This must be the first book I’ve managed to finish in quite a long time. I picked it up early May, intending to read it on the plane to and from Butuan during the three-day furlough I managed to secure for myself using the elections as my cover. I managed to read about 10% of it by the time I got back to Manila. The next 80%, I sped through in bed last night, and the final tenth, in Starbucks this afternoon.
Such rapid writing. Yunior, the narrator, is so frantic and lost and longing for somewhere in this world to settle. He’s hopeful, then jaded, then looking for another start; looking, looking, always looking. One can’t help but relate. In some sense, we all wander.
Flashing the plastic (student identification card) to get my hands on these babies.
From top to bottom:
- Salvaged Poems by Emmanuel Lacaba. “We are tribeless and all tribes are ours. / We are homeless and all homes are ours. / We are nameless and all names are ours…The road less traveled by we’ve taken — / And that has made all the difference.”
- The Essential Arcellana, works by Francisco Arcellana, edited by Alberto S. Florentino. He’s a National Artist for Literature, and the College of Arts and Letters has a reading room named after him, so he’s got to be pretty cool.
- Lipunan At Rebolusyong Pilipino by Jose Maria Sison. Actually, Sison is the author listed by the university’s electronic database, but the book credits itself to Amado Guerrero (literally, loved warrior), Sison’s nom de guerre. LRP is kind of like the Bible of the Communist movement in the Philippines. The original owner of the copy I borrowed from the library signed his name on one of the first few leaves: “Augusto Escueta, Lucio De Guzman Command, NPA – Mindoro.” A quick google will reveal that a person who shares the book owner’s name is the President of a corporation and lives in upscale Barangay Bel-Air. Oh, the irony.
(At this point I should make it clear that I don’t believe in Communism, although I do think Karl Marx gets some things right. I’ve been meaning to read LRP for a long time now in the hopes of getting a clearer and deeper sense of what the Communist movement is all about, so I decided to finally go ahead and borrow a copy.)
- How My Brother Leon Brought Home A Wife And Other Stories by Manuel Arguilla. I read the title story for a Creative Writing class last year and thought it would be fun to go through his other works.
In case you noticed, yes, I do have a newfound fascination with Filipino literature written in English. I’m trying to get out of the dead-white-male box of literature that I’ve been in all my life.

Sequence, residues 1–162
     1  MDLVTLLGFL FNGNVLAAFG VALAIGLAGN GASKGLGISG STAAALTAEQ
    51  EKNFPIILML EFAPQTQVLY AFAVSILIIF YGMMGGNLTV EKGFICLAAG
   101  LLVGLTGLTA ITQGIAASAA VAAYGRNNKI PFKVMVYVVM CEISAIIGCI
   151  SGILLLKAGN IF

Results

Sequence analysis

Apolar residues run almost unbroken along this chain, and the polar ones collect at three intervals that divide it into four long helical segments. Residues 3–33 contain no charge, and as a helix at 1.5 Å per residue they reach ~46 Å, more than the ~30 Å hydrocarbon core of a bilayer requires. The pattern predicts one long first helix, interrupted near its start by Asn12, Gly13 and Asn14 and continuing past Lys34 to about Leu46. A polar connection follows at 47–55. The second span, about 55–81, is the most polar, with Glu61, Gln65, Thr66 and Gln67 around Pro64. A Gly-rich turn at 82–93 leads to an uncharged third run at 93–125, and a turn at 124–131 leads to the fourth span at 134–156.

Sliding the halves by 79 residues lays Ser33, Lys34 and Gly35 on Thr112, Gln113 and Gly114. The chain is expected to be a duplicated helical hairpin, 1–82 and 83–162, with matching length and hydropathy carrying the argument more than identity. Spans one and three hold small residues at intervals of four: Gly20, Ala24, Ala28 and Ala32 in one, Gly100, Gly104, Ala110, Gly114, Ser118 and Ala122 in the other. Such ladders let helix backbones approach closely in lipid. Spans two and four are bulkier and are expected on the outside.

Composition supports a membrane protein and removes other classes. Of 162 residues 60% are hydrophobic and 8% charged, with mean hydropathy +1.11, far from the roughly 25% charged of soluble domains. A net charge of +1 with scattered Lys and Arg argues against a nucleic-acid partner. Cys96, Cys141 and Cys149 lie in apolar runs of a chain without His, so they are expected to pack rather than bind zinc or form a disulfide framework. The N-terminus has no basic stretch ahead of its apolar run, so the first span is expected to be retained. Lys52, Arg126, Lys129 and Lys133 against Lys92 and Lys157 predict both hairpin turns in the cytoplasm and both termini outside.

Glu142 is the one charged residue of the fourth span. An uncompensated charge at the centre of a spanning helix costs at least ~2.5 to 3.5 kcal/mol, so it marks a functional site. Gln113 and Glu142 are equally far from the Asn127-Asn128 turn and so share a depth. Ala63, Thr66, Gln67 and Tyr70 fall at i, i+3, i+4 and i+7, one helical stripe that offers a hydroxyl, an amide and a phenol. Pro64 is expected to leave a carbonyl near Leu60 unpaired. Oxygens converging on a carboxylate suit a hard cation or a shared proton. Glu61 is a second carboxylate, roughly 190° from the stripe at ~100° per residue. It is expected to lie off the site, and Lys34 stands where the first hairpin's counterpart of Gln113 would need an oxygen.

I can, however, borrow one more book. I’ve been thinking of borrowing another Filipino work, but am also tempted to get an English title. Then again I’m already reading (again) The Catcher In The Rye. Chinscratch.
I’ve mentioned that I’m reading Miguel Syjuco’s Ilustrado for the Literature and Society class I’m taking up this semester. Even though the term isn’t finished yet, I think I’ve really learned to upgrade the way I read literary works. I read the stories in our syllabus as thoroughly as I can, but after we discuss them in class I always walk away with the feeling that I didn’t read into the assigned work deeply enough.
That feeling of shallowness has eased since the term began. Somehow, though, I think I’ll have to reread Ilustrado to really see what Syjuco’s trying to say. In fact, starting with my second reading of Ilustrado I’ve decided to defile my books by filling them with post-its and making marginal notes on their pages to help me read them better. I’ve also bought a small notebook on which I’ll be making notes as I read.
In a sense I’ll be starting from scratch, acting as if I’ve never read a novel before. I’ll begin with what are widely considered “classic” works: The Catcher in The Rye, To Kill A Mockingbird, Of Mice And Men, Lord of the Flies, and The Old Man And The Sea (number one on my list of Best Books of All Time). Frankly I felt really highbrow reading them back then, but after English 11 I realize I must have been so pretentious.
But in literature, most everyone gets a second chance.
At Booksale in Shopwise Cubao:
OR: “10% of the Internet.” (The other 90%, as we all know, is porn.)
This book has a two-page spread; the Internet has an entire tumblog.
I hang out at Eduk a lot, mostly while waiting for Katz. Last Friday I fell asleep in this corridor with my copy of Ilustrado over my face. I do that a lot—I have no problem lying down anywhere there’s free floor space that isn’t hideously dirty.
The dean of Eduk happened to walk by my hibernating body and apparently thought I was sick. She woke me up with a gentle nudge and an “Okay ka lang ba?” and told me I could go lie down on the Language department’s couches. I very politely declined the offer, said I was fine, and thanked her.
She said okay, and added, as she was walking away, “It’s a nice book.”
I still haven’t finished it.
I know the General Reference section of the Main Library is open until midnight, but I didn’t think this many people cared to stay there past five.
At the ongoing book sale at the College of Education.
Seems very interesting. I came back the day after I took these photos to find that the book wasn’t there anymore.
Wutevs. I still haven’t gotten around to finishing Ilustrado for my Lit & Soc class yet, anyway.